Do you remember?

Recently, Sandra’s father died.

Sandra and I, share some common experiences. One of those is that the formative male in both our lives was not the father. In my case it was my grandfather, and for Sandra it was her uncle. As an incongruous fun fact, her uncle drove the same base vehicle that Mad Max (The Road Warrior) did. The gear shifter was vague and needed fixing, but that all added to the mystique. On the road it had a commanding presence.

He was a pretty clever bloke and worked as an architect. He’d earned six undergraduate degrees, and Sandra can recall him teasing her by suggesting that when she’d achieved that many, they’d be equals. Being clever meant that he never asked, but he understood her, his sister, and her home life.

So each summer Sandra spent in the the city of Canberra at her uncle’s house. Canberra is the nation’s capital where the Federal Parliament sits. To my mind the place is situated on land in the middle of nowhere, whilst the city itself is the product of an orderly mind. After all, it has been entirely planned since it’s inception. The original architects favoured geometric circles. Talk about revolutionary.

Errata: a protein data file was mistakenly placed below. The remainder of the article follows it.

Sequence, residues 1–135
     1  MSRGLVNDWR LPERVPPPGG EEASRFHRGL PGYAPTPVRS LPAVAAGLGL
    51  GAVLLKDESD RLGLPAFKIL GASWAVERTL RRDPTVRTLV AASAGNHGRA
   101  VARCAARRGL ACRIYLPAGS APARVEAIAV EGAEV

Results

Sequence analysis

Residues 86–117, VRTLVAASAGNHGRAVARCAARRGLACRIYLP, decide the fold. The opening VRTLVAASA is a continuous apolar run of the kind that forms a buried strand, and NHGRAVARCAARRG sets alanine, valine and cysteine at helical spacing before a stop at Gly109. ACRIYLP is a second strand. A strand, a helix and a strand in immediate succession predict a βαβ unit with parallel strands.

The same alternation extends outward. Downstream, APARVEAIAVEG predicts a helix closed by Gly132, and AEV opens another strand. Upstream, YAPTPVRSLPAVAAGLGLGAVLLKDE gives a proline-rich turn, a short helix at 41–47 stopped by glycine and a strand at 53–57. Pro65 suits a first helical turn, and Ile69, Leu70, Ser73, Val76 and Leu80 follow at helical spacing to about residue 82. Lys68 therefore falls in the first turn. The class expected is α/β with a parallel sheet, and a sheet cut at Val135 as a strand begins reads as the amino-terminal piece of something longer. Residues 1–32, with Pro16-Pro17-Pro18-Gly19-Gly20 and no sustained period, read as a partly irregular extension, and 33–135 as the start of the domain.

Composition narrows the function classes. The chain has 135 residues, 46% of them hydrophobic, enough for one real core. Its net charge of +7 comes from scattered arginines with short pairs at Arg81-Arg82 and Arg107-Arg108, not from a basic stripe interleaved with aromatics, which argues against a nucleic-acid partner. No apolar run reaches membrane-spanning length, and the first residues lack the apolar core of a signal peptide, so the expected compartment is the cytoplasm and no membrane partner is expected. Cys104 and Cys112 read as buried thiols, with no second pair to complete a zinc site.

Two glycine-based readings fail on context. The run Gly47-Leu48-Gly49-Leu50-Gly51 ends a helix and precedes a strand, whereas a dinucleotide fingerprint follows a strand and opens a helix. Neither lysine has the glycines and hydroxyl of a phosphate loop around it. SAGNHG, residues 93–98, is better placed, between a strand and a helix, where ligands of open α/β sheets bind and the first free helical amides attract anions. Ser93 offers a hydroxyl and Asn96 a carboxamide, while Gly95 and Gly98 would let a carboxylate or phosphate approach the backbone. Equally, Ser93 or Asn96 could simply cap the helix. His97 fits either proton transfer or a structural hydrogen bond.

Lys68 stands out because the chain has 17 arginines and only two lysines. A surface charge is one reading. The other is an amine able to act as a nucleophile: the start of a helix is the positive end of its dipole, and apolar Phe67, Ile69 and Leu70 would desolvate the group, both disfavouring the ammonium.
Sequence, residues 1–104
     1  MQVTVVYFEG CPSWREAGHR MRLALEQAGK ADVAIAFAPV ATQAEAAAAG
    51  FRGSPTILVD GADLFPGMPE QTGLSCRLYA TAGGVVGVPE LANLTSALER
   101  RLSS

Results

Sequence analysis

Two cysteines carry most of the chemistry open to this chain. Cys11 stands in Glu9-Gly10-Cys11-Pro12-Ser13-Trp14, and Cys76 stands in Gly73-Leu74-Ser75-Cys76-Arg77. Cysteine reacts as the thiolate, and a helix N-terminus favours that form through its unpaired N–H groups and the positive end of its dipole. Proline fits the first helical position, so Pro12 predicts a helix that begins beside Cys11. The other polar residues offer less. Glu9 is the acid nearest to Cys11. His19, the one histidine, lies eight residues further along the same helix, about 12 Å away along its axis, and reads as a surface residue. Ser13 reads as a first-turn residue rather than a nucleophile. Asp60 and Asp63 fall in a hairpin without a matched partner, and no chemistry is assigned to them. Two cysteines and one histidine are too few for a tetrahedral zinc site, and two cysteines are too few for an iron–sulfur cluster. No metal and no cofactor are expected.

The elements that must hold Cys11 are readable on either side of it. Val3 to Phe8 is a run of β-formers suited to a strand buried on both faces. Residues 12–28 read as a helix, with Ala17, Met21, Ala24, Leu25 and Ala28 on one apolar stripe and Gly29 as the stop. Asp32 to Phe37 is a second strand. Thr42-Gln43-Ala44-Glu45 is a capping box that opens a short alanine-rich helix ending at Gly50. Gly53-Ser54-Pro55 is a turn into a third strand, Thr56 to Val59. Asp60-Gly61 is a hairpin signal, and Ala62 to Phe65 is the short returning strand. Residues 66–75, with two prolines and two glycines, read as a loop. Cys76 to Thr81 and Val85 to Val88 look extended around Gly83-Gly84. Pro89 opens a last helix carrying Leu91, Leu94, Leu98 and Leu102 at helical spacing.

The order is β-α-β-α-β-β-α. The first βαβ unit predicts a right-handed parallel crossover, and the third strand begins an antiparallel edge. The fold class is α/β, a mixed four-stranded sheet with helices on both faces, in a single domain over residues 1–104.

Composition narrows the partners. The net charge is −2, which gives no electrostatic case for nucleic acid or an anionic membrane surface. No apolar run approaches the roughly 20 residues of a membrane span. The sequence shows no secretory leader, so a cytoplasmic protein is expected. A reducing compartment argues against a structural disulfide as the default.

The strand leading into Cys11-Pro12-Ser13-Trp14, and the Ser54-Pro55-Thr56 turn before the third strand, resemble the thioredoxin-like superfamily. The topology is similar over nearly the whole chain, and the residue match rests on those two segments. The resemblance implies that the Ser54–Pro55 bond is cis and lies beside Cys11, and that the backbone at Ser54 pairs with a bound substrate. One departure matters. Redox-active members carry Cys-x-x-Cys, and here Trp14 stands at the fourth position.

But best of all though, her uncle had an unheated swimming pool in which to while away the hot inland summer days. Being inland at elevation, just like here, the nights can get cold, even over the summer months. Thus the water temperature in the pool rarely passed 17’C / 63’F. That was described as the perfect swimming temperature. It is a truth universally acknowledged that children rarely are bothered by the cold. And Sandra and her friends from around the area enjoyed the amenities.

Enjoying the company of a kindred sharp mind, her uncle used to take her on visits to all the places of cultural and intellectual interest. The nations capital has many such places: The Questacon; the Mount Stromlo Observatory; the Botanical Gardens, just to mention a few. Even quirky places were visited such as the miniature village which sold home-baked pork pies. No stone was left unturned in the pursuit of culture, even the (destroyed by fire in 2003) Cotter Pub was visited to test the relative merits of various mulled wines. A charming place despite the huge contingent of bikie’s (bikers in US parlance). Fortunately, nobody came to any harm, and the mulled wine was apparently quite good.